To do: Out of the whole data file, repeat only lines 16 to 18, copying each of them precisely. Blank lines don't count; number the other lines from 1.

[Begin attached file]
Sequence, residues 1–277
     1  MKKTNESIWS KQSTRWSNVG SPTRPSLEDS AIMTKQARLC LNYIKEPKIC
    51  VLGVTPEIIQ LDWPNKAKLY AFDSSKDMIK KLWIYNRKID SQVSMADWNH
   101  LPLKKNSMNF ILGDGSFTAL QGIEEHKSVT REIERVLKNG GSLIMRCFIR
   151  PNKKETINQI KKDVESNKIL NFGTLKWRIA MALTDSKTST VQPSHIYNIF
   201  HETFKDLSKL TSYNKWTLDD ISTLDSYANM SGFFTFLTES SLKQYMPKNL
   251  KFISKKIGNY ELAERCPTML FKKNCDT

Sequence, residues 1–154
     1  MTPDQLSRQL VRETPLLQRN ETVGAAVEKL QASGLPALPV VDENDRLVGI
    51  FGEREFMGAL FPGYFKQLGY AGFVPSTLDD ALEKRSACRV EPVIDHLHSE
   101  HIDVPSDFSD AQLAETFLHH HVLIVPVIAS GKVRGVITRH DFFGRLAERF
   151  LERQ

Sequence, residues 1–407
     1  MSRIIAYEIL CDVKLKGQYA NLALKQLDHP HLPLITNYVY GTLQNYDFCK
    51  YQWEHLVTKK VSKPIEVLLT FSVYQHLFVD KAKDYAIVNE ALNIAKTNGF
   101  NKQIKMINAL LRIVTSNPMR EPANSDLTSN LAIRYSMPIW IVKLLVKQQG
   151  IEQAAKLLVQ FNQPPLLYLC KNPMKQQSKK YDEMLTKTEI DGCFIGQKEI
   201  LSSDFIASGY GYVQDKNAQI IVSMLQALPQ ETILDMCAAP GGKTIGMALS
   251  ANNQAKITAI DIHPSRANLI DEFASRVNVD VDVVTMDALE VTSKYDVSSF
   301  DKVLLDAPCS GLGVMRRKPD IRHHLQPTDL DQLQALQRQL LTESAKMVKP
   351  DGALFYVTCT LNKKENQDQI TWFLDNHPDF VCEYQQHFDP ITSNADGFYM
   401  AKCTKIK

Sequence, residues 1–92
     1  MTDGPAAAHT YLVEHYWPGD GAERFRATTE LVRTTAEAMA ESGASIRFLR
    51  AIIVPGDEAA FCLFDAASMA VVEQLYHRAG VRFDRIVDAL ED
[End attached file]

   101  NKQIKMINAL LRIVTSNPMR EPANSDLTSN LAIRYSMPIW IVKLLVKQQG
   151  IEQAAKLLVQ FNQPPLLYLC KNPMKQQSKK YDEMLTKTEI DGCFIGQKEI
   201  LSSDFIASGY GYVQDKNAQI IVSMLQALPQ ETILDMCAAP GGKTIGMALS